Editor's Comment

Zambia obliged to help DRC

FILE: PRESIDENT Lungu (right) with Democratic Republic of Congo President Joseph Kabila at State House. Picture: Patriotic Front - PF

YEARS of instability in the Democratic Republic of Congo (DRC) have adversely affected not only civilians in that country but also neighbouring countries and the entire region.
Internal conflict arising from great power contests over access to the immense mineral resources in the DRC has resulted in loss of innocent lives, displacement of civilians and derailed economic development within the country and in some neighbouring countries.
To a large extent, peace is a rare commodity in the DRC because of the battle for its abundant deposits of copper, gold, diamonds, cobalt, uranium, coltan and oil, which make it one of the world’s richest countries, potentially.
This does not have to be so. The potential must be tapped for the good of all the citizens and for the collective benefit of other countries in the region and beyond.
For some reason, the DRC has not known the desired peace for lengthy periods, often because of external factors. Whatever the reason, though, the DRC deserves the respect of its sovereignty to enhance its social, economic and political status.
Neighbouring countries and others beyond, however, have an obligation to help the DRC overcome its challenges. Collective efforts would certainly speed-up the process.
The obligation to help the DRC get out of its challenges is for the good of everyone, and the path to take is that of dialogue.
No one should ever tire from using this platform because the route of physical confrontation, as evidenced several times, is never a good one. Conflict breeds conflict and any peace that may result is often, if not always, an uneasy one.
For instance, the refugee crisis triggered by the conflict has adversely affected the social and economic balances of the neighbouring countries, including Zambia. So the happenings in the DRC are a concern that directly affects other countries too.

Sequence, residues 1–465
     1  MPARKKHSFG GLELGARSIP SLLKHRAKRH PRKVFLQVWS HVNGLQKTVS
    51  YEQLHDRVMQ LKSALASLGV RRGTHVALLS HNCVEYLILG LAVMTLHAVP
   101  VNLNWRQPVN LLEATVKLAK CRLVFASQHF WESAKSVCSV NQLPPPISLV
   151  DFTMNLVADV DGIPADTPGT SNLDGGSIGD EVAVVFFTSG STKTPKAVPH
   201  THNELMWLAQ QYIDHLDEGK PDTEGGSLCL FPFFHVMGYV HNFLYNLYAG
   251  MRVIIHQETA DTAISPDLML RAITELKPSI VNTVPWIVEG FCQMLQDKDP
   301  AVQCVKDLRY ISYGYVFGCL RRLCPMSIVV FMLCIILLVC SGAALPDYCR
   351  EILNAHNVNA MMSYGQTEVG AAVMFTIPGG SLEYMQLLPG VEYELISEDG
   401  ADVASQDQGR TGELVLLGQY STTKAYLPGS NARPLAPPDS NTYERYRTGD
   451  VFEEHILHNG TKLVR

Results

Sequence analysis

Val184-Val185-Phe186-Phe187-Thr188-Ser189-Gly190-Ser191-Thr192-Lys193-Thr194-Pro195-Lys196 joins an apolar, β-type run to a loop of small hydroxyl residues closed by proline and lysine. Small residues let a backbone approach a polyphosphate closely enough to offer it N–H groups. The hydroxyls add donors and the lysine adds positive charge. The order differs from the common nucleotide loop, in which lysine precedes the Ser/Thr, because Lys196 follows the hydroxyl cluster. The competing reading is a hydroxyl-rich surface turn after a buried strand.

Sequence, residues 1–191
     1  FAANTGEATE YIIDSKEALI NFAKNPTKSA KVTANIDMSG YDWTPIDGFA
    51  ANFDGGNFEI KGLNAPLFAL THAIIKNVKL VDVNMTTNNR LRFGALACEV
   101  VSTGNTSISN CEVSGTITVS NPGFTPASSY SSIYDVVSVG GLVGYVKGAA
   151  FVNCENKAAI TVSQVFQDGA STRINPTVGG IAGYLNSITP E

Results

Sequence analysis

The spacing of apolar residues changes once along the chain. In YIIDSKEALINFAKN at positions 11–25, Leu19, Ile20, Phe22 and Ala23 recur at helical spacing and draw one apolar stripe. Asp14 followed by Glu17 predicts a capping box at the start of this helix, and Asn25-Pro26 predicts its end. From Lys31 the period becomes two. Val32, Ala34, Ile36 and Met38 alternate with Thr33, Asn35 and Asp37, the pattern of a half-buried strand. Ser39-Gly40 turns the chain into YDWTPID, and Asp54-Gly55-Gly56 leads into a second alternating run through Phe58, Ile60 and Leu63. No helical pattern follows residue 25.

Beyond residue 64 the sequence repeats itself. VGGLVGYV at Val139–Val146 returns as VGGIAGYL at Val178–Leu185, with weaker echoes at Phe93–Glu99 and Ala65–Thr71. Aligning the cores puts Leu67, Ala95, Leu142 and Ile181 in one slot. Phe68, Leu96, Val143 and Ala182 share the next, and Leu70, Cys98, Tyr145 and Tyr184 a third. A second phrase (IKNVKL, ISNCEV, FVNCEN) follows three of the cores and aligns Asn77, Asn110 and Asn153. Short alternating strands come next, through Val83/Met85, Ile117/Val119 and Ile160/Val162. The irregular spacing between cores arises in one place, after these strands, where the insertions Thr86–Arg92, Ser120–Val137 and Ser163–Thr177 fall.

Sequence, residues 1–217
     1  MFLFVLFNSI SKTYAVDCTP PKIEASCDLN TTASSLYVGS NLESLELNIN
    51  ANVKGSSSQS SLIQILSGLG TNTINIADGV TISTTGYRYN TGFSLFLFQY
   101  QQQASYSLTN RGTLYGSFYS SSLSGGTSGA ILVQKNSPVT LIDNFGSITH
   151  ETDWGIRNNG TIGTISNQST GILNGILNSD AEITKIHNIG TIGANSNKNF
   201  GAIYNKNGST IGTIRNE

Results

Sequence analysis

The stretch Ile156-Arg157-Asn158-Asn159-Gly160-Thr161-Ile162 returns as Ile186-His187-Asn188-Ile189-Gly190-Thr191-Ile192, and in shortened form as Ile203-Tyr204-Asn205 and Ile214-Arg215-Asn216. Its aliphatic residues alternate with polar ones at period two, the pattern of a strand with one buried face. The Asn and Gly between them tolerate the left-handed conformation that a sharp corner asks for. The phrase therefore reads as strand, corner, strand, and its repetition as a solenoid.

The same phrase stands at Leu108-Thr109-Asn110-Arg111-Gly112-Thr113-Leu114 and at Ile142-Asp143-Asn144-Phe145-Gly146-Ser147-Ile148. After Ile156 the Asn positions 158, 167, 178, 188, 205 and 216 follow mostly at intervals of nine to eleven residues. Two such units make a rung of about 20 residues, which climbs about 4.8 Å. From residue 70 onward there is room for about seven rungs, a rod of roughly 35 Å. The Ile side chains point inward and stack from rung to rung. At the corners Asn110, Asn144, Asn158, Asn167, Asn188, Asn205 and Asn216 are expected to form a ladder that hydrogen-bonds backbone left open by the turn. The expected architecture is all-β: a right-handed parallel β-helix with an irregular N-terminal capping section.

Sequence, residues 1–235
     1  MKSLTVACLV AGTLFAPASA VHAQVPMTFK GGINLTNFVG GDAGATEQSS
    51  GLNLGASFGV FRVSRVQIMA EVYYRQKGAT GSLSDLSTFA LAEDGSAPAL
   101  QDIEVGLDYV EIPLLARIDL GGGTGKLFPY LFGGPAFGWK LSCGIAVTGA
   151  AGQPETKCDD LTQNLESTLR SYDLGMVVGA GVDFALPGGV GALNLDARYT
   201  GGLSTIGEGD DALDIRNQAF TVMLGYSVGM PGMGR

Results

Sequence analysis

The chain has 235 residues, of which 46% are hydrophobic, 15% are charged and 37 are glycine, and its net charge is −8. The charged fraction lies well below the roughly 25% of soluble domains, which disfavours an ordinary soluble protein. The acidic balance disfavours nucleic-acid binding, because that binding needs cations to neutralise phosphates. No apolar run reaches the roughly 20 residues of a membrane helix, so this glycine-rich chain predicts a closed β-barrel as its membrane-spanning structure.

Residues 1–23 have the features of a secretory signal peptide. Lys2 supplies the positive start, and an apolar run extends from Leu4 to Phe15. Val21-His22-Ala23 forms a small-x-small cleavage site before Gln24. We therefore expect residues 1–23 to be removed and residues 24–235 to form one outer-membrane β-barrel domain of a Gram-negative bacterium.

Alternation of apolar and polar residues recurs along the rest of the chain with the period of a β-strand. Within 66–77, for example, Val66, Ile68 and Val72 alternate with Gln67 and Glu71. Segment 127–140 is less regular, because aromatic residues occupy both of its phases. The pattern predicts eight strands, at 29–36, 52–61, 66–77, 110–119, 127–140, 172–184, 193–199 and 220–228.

Taking care of refugees is a huge economic cost for the host countries as well as other supporting donors just as the influx of refugees has social costs such as a rise in crime and conflicts with the local communities on sharing limited resources which may lead to xenophobic attacks.
Despite the internal strife, the gross domestic product (GDP) in the DRC was worth US$37.24 billion in 2017.
The GDP value of the country represents 0.06 percent of the world economy.
Its GDP averaged US$12.08 billion from 1960 until 2017, reaching an all-time high of US$37.92 billion in 2015 and a record low of US$2.88 billion in 1964.
Looking at the economic potential of the DRC, it has potential to contribute to the well-being of the continent at large.
That is why a return to peace will ensure that social and economic costs associated with instability are reduced.
Zambia and other countries in the Great Lakes region stand to benefit more in trade from a stable DRC which has an estimated population of 85 million and is still a massive white space market yet to be fully exploited.
Industries in agriculture and other manufacturing industries stand to benefit greatly.
Peace will foster economic development as the country will begin to exploit its abundant natural resources for the benefit of its citizens and others in the region and beyond.
It is good that Zambia and the DRC have enjoyed strong bilateral relations for a long time. In some instances the bonds are in the blood. Many citizens of the two countries have relatives across the international boundary.
The two countries do not just share one of the longest boundaries (1,930kms) but also natural resources such as copper between the Katanga Province and Zambia’s Copperbelt Province.
In Luapula, the two countries are separated by the Luapula River, which they share for its transportation and fishing.
Some Zambian tribes share not only a common language but traditional rulers across the borders and hold similar traditional ceremonies.
That is why a few days ago, an attempt by a Congolese who snatched a baby for a ransom in Zambia was thwarted by his country’s security services. Such is evidence of good ties between the two countries.
Such cooperation and enhancement of political, social and economic ties can be enhanced if the DRC overcomes its internal challenges.
As a brotherly country, Zambia is, like always, on hand to help.

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